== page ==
Many pregnant women experience swollen feet and ankles, mainly because of hormonal changes, as increased production of progesterone slows down digestion and circulation. Further, a buildup of blood to support the pregnancy means there is more fluid to build up in your feet. Other causes include humid weather, standing on your feet too long, and wearing tight clothing and shoes. Some ways to keep down the swelling (edema) include eating less salt and more foods containing potassium, cutting back on caffeine, drinking lots of water, and keeping your feet elevated as often as possible. In addition, you can take a short walk each day, wear compression socks, and avoid standing for long periods. Swelling normally develops in the third trimester and may continue after you give birth, but eventually it will subside. If the swelling in your feet becomes severe or painful, it is suggested that you seek the attention of a podiatrist immediately for a diagnosis and treatment plan.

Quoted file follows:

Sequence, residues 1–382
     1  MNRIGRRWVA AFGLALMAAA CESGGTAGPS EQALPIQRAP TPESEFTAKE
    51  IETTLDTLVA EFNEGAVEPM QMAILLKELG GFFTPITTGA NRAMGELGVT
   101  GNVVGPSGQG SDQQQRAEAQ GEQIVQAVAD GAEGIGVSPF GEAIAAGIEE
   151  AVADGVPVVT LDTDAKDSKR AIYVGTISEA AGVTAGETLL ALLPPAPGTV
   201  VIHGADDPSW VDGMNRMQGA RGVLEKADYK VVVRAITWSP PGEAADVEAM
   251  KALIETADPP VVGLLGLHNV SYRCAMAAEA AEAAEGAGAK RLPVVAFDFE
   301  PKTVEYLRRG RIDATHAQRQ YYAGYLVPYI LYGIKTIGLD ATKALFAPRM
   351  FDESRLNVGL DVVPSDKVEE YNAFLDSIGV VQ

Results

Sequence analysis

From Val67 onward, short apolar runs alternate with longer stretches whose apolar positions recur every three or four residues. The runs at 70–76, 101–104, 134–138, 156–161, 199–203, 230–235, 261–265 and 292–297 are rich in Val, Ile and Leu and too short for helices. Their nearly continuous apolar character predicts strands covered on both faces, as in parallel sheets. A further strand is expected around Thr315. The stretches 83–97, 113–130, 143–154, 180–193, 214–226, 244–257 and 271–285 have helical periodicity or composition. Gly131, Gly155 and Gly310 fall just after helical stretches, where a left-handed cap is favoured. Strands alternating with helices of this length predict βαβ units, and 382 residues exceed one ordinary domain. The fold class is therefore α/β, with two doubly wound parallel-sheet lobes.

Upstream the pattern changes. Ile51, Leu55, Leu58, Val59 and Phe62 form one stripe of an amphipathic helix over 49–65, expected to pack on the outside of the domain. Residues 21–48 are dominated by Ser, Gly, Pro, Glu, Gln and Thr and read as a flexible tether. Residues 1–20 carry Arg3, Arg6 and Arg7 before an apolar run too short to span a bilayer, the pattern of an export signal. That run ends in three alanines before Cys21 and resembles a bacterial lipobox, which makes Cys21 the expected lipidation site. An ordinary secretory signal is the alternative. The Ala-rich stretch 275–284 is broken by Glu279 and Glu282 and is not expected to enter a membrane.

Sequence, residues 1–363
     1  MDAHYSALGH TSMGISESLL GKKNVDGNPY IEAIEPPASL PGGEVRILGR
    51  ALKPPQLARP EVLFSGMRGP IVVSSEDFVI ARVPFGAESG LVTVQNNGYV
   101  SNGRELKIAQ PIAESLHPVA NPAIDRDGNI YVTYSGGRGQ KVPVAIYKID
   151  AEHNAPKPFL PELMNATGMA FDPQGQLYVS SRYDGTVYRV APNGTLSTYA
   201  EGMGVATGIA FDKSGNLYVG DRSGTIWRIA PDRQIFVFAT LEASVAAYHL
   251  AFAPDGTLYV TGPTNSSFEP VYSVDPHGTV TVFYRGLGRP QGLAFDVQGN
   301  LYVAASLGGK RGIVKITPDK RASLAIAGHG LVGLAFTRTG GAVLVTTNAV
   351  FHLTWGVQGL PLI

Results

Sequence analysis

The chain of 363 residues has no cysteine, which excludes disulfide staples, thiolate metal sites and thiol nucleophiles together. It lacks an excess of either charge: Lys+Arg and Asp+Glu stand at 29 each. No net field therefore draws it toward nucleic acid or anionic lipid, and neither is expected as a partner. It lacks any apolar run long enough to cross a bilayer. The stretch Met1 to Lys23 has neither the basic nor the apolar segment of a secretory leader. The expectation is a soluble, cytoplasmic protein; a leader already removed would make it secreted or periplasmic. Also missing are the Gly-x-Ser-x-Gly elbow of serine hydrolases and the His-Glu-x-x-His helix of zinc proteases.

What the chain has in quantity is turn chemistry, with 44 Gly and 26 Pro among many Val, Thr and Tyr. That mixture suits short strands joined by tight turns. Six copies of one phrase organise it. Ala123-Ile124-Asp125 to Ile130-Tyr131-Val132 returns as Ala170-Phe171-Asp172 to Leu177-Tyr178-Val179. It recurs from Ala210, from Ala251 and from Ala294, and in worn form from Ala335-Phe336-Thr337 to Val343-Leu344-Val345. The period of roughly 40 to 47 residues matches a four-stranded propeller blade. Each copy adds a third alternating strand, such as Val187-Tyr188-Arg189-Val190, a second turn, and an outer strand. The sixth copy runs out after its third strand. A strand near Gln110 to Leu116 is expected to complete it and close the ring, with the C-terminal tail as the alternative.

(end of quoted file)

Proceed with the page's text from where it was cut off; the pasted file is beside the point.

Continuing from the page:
Pregnant women with swollen feet can be treated with a variety of different methods that are readily available. For more information about other cures for swollen feet during pregnancy, consult with Matthew McQuaid, DPM from Lake Mendocino Podiatry. Our doctor will attend to all of your foot and ankle needs.
What Foot Problems Can Arise During Pregnancy?
One problem that can occur is overpronation, which occurs when the arch of the foot flattens and tends to roll inward. This can cause pain and discomfort in your heels while you’re walking or even just standing up, trying to support your baby.
Another problem is edema, or swelling in the extremities. This often affects the feet during pregnancy but tends to occur in the later stages.
How Can I Keep My Feet Healthy During Pregnancy?
- Wearing orthotics can provide extra support for the feet and help distribute weight evenly
- Minimize the amount of time spent walking barefoot
- Wear shoes with good arch support
- Wear shoes that allow for good circulation to the feet
- Elevate feet if you experience swelling
- Massage your feet
- Get regular, light exercise, such as walking, to promote blood circulation to the feet